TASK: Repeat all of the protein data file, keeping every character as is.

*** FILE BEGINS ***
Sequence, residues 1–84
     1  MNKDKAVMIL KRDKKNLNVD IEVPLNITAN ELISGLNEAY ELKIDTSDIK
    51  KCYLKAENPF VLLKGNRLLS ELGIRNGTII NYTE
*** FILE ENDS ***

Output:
Sequence, residues 1–84
     1  MNKDKAVMIL KRDKKNLNVD IEVPLNITAN ELISGLNEAY ELKIDTSDIK
    51  KCYLKAENPF VLLKGNRLLS ELGIRNGTII NYTE